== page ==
A whole host of headlines this week from Fox News to Forbes to USA Today offered a dire warning about a flesh-eating STI that was on the rise. The best headline is probably from the U.K. outlet the Mirror which blared, “Flesh-eating STI that rots genitals from inside out on rise - as warnings issued.” Read the articles, however, and you will note that these headlines are far from accurate. The STI, known as donovanosis, does not eat your genitals from the inside out or the outside in, it is not on the rise, and no warnings have been issued.
This media frenzy seems to stem from one article in a local U.K. paper, The Birmingham Mail, in which a doctor from a London clinic was quoted as saying: "Figures suggest that donovanosis - which was previously thought to be restricted to places including India, Brazil and New Guinea - is becoming more common on these shores." It’s understandable how this quote—combined with pictures of the particularly unattractive genital sores caused by this STI—could have raised alarms, but the real story is milder.
Donovanosis is a bacterial infection that is passed through skin-to-skin contact. The CDC says that the disease causes painless ulcers or lesions on the genitals or perineum (the area between the genitals and the anus) that are grossly described as “beefy-red.” The sores might bleed and can become infected with secondary bacteria (as is true of open wounds in general).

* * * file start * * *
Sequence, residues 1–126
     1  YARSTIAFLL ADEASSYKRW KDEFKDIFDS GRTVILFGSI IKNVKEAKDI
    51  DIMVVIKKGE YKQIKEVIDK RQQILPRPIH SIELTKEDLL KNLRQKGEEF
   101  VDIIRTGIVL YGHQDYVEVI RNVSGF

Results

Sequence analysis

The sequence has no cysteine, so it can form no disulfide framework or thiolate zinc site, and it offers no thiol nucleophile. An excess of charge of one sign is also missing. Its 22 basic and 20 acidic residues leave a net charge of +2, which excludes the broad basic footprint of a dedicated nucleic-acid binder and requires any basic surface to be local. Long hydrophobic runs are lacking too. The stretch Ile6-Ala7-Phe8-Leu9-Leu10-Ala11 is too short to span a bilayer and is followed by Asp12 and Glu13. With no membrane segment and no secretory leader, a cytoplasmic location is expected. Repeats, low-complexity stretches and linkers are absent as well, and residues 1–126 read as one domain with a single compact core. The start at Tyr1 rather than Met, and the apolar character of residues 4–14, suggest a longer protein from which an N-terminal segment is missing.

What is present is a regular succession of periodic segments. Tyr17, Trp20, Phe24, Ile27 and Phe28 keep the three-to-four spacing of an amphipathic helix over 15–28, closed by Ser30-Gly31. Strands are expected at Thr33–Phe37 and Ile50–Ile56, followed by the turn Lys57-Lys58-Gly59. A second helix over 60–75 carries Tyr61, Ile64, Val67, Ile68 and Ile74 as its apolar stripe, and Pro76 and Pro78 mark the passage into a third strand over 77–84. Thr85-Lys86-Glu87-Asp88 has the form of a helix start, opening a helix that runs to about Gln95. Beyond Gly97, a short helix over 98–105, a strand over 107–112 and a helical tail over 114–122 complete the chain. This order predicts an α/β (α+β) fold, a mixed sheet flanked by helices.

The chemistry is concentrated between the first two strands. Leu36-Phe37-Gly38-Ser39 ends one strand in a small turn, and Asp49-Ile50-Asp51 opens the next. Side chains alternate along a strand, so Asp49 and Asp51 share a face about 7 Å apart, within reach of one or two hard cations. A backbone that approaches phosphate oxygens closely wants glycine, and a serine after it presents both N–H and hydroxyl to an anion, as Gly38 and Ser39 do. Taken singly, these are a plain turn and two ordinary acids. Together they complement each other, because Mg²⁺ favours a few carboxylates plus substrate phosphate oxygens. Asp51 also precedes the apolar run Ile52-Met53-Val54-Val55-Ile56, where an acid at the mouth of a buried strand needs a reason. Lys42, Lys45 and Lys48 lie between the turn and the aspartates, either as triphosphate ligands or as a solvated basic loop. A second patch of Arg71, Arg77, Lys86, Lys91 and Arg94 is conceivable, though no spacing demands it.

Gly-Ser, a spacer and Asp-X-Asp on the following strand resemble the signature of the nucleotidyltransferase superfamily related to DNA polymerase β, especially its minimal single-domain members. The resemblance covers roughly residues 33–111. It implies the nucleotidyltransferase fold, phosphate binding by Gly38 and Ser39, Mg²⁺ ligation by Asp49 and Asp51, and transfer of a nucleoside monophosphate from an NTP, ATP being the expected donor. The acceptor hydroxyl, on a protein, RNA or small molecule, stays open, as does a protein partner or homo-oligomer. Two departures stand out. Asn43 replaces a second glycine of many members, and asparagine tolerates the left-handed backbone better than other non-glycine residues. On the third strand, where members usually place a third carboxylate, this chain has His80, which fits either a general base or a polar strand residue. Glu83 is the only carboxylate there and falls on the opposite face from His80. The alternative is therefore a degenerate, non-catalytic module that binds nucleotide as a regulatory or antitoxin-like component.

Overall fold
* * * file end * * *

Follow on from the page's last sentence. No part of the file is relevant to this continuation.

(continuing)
Donovanosis is treatable with antibiotics if caught early and properly diagnosed, but if left untreated it can cause skin discoloration and scarring of the genitals. The scarring can in turn lead to permanent inflammation of the genitals. The STI can also spread to the pelvis and internal organs in the abdomen. While there’s no doubt that this is an infection none of us want, even the most alarmist articles admit that calling it flesh-eating is a bit of a stretch. The Birmingham Mail article that kicked up this ruckus says: “Donovanosis does not actually eat your flesh but has been dubbed 'flesh-eating' due to its gory appearance on the skin.”
Saying cases are on the rise in the U.K. is also a little bit of a stretch (or at best a year too late). Cases there did rise from 19 in 2016 to 30 in 2019, but 2020 data suggests they’re back down with only 18 cases. That’s 18 cases in a population of over 67 million.